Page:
FDA Approves Voxelotor for Sickle Cell Disease

November 26, 2019
Kevin Kunzmann

The deoxygenated sickle hemoglobin polymerization inhibitor was granted Accelerated Approval designation for the burdensome rare disease.

The US Food and Drug Administration (FDA) has granted an accelerated approval to voxelotor (Oxbryta) for the treatment of sickle cell disease in patients aged 12 years and older.

The approval, granted under the FDA’s Accelerated Approval pathway, proceeds the Global Blood Therapeutic drug’s Fast Track and Orphan Drug designations.

The therapy works as a deoxygenated sickle hemoglobin polymerization inhibitor—playing a critical role in limiting sickle cell disease’s central abnormality, Richard Pazdur, MD, director of the FDA's Oncology Center of Excellence, acting director of the Office of Oncologic Diseases in the FDA's Center for Drug Evaluation and Research, said.

“With Oxbryta, sickle cells are less likely to bind together and form the sickle shape, which can cause low hemoglobin levels due to red blood cell destruction,” Pazdur said in a statement. “This therapy provides a new treatment option for patients with this serious and life-threatening condition."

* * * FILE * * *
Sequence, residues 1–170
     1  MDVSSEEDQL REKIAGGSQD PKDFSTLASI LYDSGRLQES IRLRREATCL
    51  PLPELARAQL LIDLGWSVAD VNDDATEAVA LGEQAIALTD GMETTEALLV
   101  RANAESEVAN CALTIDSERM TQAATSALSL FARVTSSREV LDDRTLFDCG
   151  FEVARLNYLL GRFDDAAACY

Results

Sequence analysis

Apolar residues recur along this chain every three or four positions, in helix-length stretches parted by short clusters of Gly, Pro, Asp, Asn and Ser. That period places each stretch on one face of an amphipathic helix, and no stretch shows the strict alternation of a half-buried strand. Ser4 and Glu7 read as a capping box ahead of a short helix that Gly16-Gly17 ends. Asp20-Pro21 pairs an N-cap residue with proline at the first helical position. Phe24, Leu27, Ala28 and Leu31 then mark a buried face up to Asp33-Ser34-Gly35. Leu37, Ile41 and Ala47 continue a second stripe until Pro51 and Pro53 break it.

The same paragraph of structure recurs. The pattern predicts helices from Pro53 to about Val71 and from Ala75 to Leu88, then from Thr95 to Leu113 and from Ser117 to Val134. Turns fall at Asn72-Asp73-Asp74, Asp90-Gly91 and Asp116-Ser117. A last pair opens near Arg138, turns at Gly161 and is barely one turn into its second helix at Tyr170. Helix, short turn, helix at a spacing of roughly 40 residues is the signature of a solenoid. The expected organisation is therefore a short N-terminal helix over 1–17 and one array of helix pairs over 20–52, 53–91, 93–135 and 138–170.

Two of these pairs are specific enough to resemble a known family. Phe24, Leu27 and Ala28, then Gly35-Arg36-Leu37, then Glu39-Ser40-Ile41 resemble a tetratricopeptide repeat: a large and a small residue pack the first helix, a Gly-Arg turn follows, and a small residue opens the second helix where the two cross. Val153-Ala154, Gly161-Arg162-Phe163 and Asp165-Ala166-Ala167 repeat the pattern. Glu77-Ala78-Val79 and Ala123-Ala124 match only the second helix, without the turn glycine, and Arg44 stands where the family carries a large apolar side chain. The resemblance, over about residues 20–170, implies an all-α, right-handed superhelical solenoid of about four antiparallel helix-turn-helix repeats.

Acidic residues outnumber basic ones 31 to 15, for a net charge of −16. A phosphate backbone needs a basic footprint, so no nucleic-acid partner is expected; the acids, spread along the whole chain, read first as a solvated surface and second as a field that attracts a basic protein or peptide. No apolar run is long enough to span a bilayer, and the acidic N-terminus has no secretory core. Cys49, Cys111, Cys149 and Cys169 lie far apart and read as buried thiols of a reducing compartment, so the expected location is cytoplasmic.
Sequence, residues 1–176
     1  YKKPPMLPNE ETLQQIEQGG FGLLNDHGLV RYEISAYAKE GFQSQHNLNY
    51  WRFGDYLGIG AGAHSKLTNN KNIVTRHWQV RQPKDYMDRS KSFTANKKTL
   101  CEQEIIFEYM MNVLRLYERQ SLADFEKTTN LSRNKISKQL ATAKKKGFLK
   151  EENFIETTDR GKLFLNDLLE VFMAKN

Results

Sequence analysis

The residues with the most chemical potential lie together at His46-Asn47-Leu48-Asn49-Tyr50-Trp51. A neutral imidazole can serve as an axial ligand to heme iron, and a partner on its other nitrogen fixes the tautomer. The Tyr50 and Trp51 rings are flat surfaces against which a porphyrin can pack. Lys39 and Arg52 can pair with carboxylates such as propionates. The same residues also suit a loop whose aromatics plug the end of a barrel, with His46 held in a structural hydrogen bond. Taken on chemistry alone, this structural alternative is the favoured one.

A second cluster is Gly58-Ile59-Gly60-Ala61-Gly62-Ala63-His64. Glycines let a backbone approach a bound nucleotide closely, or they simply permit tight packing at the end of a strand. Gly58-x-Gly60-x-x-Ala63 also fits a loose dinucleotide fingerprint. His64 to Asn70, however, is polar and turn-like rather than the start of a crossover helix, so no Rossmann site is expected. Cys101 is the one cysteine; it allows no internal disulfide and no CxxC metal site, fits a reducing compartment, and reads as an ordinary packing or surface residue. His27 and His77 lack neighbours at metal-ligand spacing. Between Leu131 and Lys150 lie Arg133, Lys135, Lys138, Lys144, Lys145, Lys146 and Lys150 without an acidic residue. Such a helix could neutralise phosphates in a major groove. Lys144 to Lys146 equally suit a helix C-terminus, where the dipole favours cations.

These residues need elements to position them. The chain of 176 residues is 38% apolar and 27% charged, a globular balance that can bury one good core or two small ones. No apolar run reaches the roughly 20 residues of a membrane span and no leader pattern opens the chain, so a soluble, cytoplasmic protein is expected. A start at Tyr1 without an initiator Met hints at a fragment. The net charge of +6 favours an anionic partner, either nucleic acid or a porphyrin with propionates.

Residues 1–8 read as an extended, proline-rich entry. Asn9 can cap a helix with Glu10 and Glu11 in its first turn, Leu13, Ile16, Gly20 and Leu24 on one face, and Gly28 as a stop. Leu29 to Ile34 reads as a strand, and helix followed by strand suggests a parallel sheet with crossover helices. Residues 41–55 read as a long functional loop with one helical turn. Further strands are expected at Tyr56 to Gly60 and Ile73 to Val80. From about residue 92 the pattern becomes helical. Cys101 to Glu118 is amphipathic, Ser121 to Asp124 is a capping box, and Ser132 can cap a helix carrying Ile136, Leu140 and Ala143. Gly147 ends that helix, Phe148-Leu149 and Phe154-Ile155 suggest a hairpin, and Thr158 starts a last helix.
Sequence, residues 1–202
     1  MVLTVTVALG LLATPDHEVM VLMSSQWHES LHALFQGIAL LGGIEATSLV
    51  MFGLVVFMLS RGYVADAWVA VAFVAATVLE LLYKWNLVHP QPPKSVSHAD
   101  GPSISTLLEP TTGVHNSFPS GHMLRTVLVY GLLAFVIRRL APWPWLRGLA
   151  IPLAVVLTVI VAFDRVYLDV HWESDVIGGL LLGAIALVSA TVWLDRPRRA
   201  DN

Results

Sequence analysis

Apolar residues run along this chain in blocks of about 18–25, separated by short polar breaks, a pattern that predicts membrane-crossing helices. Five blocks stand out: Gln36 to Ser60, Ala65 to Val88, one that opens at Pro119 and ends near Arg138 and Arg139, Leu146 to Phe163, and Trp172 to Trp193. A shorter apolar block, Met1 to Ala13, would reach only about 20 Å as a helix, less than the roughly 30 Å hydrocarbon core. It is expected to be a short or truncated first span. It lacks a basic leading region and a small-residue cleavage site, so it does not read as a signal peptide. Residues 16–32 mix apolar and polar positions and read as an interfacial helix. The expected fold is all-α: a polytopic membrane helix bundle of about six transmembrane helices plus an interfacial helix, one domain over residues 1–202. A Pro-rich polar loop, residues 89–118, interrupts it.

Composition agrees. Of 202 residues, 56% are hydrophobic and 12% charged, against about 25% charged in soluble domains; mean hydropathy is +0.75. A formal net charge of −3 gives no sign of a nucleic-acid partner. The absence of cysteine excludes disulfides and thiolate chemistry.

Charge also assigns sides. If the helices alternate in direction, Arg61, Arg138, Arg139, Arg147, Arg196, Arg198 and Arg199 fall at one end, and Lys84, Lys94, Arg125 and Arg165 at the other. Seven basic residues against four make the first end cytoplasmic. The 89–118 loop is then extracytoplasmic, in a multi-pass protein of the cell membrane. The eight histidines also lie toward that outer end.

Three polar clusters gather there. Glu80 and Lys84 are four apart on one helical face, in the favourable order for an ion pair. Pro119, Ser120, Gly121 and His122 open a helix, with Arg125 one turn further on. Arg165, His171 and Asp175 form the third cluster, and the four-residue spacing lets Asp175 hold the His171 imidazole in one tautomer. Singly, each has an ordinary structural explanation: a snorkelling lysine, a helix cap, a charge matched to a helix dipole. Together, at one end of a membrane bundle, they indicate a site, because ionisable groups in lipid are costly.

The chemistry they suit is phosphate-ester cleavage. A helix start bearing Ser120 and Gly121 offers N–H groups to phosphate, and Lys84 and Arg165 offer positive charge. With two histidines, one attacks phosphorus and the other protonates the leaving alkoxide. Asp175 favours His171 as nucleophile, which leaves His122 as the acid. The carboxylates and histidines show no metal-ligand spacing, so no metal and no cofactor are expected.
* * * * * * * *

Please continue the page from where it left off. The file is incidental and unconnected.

Its approval was based on the findings of a 274-patient clinical trial assessing 1500 mg (n = 90) and 900 mg (n = 92) doses versus placebo (n = 92). In assessing for effectiveness—based on an increased hemoglobin response rate—a significantly greater rate of patients administered 1500 mg voxelotor (51.1%) responded, versus placebo patients (6.5%).

The lifelong, inherited blood disorder is characterized by restricted blood vessel flow, limited oxygen delivery to the tissues, severe pain, organ damage, and chronic inflammation. The approval of voxelotor provides “additional hope” to the approximate 100,000 US patients burdened with the disease, acting FDA commissioner Brett P. Giroir, MD, said.

“Our scientific investments have brought us to a point where we have many more tools available in the battle against sickle cell disease, which presents daily challenges for those living with it,” Giroir said. “We remain committed to raising the profile of this disease as a public health priority and to approving new therapies that are proven to be safe and effective.”